For many months now we have been debating the future of Section 230 of the 1996 Communications Decency Act, which established the legal framework for the internet as we now know it that provides immunity to social media companies such as Twitter, Facebook, and Instagram by labeling them as “distributors” of their content rather than “publishers”. And as each day goes by, we are treated to the increasing flaunting abuse of this privilege as these companies have taken this provision as a license to censor with impunity, in many cases filling a role as “state actors”–government’s use of this immunity clause to induce big tech firms to block certain contributors to their sites that they cannot constitutionally censor. In short, they want it both ways–the immunity of platform providers while acting with increasing boldness as publishers in advocating or censoring certain points of view.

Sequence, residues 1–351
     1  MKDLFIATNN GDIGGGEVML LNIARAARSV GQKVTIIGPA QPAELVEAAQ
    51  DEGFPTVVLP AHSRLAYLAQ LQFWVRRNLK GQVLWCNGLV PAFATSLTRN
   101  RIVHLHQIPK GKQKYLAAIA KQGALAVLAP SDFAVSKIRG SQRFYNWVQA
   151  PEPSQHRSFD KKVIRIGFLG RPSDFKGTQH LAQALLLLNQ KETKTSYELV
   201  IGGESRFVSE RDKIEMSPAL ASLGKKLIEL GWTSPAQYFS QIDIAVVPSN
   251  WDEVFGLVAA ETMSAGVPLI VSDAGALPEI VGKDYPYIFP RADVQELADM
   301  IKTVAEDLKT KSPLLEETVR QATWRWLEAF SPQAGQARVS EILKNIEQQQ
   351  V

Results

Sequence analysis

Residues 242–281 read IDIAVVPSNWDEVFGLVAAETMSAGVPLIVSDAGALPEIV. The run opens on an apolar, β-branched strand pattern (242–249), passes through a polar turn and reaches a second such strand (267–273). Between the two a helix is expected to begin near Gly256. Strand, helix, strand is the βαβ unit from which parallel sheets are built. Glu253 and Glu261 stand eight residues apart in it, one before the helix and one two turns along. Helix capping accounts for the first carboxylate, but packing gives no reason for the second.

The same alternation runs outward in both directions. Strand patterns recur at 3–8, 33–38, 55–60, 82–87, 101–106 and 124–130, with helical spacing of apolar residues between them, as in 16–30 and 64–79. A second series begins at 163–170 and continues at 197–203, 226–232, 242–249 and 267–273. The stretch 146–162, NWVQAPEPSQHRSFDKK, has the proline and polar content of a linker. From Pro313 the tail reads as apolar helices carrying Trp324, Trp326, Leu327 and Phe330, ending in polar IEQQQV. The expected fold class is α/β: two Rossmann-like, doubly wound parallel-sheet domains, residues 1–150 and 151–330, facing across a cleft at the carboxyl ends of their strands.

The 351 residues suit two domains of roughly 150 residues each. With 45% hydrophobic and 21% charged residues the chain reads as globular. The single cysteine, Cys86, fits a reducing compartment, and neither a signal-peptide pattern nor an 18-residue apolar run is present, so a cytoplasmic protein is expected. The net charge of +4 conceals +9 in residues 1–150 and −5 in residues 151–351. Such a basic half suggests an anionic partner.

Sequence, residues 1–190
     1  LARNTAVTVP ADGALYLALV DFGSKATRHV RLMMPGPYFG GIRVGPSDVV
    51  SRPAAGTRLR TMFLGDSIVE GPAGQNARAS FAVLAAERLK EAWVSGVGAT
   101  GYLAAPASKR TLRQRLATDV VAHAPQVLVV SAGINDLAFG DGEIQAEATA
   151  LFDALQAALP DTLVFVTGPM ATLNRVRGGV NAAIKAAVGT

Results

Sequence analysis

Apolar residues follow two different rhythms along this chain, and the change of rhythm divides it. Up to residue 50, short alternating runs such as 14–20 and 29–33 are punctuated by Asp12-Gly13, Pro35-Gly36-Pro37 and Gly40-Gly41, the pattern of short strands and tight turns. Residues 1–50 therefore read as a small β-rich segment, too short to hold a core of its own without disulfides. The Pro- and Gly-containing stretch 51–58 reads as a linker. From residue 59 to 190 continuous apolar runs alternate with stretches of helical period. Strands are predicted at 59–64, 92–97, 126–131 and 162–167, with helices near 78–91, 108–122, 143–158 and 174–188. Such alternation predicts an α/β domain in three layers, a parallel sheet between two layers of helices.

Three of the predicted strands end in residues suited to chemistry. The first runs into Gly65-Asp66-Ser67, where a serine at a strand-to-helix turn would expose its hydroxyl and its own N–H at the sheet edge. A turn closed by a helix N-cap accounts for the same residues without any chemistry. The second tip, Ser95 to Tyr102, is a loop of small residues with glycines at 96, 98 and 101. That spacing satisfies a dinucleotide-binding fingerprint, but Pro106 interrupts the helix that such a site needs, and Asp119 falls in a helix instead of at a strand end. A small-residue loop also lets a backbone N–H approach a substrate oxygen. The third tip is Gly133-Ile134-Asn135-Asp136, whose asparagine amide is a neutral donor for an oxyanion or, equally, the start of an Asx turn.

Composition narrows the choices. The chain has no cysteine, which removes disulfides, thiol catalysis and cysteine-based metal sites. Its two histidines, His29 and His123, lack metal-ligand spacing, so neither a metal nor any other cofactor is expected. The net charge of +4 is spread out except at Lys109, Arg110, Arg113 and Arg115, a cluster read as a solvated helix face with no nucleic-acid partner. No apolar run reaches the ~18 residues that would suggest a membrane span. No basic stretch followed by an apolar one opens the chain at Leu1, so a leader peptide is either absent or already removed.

This practice has become so blatant that it smacks of purely acting in concert with government in speech control, and there is no better example of it than Facebook’s abrupt reversal of its policy of censoring claims about the possible lab leak cause of Covid-19 precisely on the day that President Biden announced an investigation as to whether a Chinese lab was involved. How stupid do they think we are?
There are experts in Section 230 who suggest that a repeal of it should be avoided and that there are other ways to fix the problem, such as strictly enforcing the law and forcing the platforms to act in ways that make them entitled to the protection. Great idea, but will a Biden administration enforce it? Seems unlikely. I’ll leave the details to the attorneys, and organizations like the Heritage Foundation are into finding a solution, but enough is enough–these people are acting like publishers and should be classified as such. Either enforce it or Section 230 must go.